Blackberry loses nearly $1 billion in quarterAP FILE PHOTO
BlackBerry’s employees prepare the launch event for the company’s new smartphones in London earlier this year. The company said Friday that it lost $965 million during its fiscal second quarter.
OTTAWA, Ontario — Facing an uncertain future and a highly conditional takeover bid, BlackBerry said Friday that it lost $965 million on sales of $1.6 billion during its fiscal second quarter.
The loss mainly reflected a $934 million write-down of a growing inventory of unwanted BlackBerry Z10 phones, the devices that the company had hoped would restore its fortunes, as well as $72 million in charges related largely to layoffs.
The $1.6 billion in revenue during the three-month period that ended Aug. 31 was well below the $3 billion analysts had anticipated and reflected a 49 percent drop from the first quarter, illustrating the rapidity of the company’s decline.
While BlackBerry said 5.9 million BlackBerry phones were sold to customers during the quarter, a large percentage of them came from inventory that had been shipped to wholesalers and carriers earlier. During the last quarter, BlackBerry shipped just 3.7 million phones. Most of them, the company said, were from an older model line that it now plans to phase out.
While many questions have arisen over BlackBerry’s future, the company canceled an earnings conference call with analysts scheduled for Friday. It also said earlier this week that management’s explanation of the results, which is normally included with its quarterly financial statements, would not appear until next week.
In a brief statement included with the financial report, Thorsten Heins, the company’s chief executive, said the company remains strong despite a widespread perception to the contrary.
“We understand how some of the activities we are going through create uncertainty, but we remain a financially strong company with $2.6 billion in cash and no debt,” Heins said. “We are focused on our targeted markets, and are committed to completing our transition quickly in order to establish a more focused and efficient company.”
Heins boasted about the company’s cash position, but Friday’s results showed that it declined by $500 million during the last quarter.
The dismal results capped a week of turmoil for the once-preeminent smartphone maker. Last week, BlackBerry warned investors about the worst of the bad news that was to come, including the inventory write-down related to the BlackBerry 10 phones.
The write-down was seen by many analysts and investors as the final confirmation that the company’s turnaround plan had failed, prompting an immediate drop in BlackBerry’s shares last Friday.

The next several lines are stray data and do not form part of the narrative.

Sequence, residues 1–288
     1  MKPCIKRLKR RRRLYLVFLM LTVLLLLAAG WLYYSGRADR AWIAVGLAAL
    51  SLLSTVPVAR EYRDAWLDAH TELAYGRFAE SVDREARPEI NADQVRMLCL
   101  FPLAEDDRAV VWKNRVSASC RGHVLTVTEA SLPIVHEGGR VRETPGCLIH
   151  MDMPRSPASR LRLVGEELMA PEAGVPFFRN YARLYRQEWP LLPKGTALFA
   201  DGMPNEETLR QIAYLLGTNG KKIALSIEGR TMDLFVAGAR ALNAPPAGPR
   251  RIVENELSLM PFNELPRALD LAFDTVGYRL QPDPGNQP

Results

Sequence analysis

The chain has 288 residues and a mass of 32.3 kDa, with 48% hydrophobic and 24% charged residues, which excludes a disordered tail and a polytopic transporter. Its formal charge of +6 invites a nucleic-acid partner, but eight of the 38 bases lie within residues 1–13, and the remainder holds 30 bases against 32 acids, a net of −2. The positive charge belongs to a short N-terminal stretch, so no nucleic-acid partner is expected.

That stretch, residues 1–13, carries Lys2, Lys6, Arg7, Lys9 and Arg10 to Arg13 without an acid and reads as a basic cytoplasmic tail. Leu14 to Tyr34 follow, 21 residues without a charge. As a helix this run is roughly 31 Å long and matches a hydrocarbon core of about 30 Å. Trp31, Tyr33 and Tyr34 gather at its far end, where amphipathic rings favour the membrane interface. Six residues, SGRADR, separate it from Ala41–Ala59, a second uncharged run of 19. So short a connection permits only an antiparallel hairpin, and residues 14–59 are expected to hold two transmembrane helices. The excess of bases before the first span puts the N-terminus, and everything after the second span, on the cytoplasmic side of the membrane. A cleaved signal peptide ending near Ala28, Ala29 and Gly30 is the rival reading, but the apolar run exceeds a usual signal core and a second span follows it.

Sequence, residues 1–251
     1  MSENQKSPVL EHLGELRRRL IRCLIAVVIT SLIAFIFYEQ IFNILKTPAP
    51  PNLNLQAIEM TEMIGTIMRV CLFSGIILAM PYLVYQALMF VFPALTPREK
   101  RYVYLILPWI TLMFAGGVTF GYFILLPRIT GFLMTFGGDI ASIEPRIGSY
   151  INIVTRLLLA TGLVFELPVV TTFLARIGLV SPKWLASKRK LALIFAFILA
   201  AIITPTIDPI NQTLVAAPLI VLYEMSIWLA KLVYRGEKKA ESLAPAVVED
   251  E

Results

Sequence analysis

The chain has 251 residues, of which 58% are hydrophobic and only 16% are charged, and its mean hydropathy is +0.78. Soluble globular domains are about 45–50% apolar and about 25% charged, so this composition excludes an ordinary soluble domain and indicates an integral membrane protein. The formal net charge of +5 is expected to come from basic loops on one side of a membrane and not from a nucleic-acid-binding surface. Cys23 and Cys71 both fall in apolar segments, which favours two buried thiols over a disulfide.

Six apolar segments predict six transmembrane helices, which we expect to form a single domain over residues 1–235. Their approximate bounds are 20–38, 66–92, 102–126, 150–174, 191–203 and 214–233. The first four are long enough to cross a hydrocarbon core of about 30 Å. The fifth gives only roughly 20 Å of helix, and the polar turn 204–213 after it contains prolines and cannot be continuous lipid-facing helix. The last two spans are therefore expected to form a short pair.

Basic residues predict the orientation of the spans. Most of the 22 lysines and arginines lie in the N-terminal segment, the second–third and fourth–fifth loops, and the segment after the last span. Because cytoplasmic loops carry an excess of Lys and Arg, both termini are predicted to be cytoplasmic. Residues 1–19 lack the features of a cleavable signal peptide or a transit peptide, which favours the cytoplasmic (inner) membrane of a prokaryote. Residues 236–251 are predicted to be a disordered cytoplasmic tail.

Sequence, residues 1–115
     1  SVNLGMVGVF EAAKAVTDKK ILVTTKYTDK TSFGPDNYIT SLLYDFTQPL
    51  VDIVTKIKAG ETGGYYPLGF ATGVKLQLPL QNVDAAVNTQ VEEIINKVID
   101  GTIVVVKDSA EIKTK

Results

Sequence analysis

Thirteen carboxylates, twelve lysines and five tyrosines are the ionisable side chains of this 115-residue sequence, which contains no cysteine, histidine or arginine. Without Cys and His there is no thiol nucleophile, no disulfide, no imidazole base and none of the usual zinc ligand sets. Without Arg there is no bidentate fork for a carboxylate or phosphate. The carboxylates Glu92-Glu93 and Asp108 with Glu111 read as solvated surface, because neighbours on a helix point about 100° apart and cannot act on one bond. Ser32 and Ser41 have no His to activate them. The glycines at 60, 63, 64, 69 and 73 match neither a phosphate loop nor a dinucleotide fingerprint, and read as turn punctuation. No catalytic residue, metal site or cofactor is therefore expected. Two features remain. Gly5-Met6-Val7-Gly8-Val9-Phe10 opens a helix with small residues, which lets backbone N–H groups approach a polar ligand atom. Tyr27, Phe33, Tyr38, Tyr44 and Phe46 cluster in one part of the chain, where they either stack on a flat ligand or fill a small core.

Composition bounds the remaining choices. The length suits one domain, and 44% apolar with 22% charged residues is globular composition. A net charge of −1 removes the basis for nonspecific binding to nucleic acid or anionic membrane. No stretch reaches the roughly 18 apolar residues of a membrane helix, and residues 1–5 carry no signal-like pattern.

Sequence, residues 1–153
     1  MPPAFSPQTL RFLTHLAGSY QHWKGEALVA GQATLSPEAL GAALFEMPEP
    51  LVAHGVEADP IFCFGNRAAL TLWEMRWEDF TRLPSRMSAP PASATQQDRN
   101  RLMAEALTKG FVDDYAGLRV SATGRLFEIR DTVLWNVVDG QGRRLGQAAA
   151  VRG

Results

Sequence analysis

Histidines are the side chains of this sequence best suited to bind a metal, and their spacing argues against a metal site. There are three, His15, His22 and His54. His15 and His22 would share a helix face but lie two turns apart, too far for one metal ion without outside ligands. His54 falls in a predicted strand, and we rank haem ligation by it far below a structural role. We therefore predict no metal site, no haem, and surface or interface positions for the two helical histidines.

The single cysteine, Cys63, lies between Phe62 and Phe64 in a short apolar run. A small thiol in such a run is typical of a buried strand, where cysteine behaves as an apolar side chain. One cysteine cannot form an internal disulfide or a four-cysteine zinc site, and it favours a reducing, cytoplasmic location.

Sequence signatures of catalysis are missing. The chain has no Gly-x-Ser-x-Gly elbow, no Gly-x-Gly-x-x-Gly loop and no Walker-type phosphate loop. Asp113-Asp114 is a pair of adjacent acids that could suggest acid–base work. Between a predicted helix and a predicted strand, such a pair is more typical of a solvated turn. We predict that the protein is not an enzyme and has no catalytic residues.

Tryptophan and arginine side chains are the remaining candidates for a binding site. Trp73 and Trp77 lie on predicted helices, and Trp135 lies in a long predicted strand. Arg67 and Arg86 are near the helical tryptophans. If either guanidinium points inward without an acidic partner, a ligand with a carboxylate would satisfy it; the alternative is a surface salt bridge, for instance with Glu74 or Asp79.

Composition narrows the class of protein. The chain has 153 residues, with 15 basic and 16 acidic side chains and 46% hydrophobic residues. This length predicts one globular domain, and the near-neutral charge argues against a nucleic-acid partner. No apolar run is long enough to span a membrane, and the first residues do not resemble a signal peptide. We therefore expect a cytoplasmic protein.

Over the weekend, BlackBerry’s directors accepted a conditional, nonbinding bid from Fairfax Financial Holdings, the company’s largest shareholder, to take the company private. That letter of intent, announced Monday, proposes to pay $9 a share for BlackBerry, valuing the company at $4.7 billion.
But there remained widespread uncertainty that Fairfax would complete a deal on Nov. 4, the date it has set to finish its due diligence. Fairfax, an insurance and investment company in Toronto, appears to be bringing nothing to the transaction beyond the 10 percent of BlackBerry it now holds. And the company has been economical with information about how the transaction would be financed, particularly the names of other investors it hopes will bring some $1 billion to the deal.
As a result, BlackBerry’s shares have been trading under the $9 price proposed by Fairfax.
Fairfax has not responded to requests for comment. But in an interview with The Globe and Mail, a Toronto newspaper, Prem Watsa, the chairman and chief executive of Fairfax, said that he has so many potential partners that the bidding group will be oversubscribed. Although again declining to name any potential members of the group, Watsa said the deal will be completed.
“Our offer is a definite offer,” Watsa told the newspaper. “We wouldn’t put our name to a deal with the board of directors of BlackBerry if it wasn’t a good offer.”
To avoid allegations of a conflict of interest, Watsa stepped down from BlackBerry’s board in August when the company announced a strategic review that could include a sale.
If Fairfax walks away on Nov. 4, it will not incur any penalty. But if BlackBerry accepts another bid before then, it will have to pay Watsa’s company $157 million. Several analysts, however, are skeptical that any other group is interested in buying BlackBerry for more than $9 a share.
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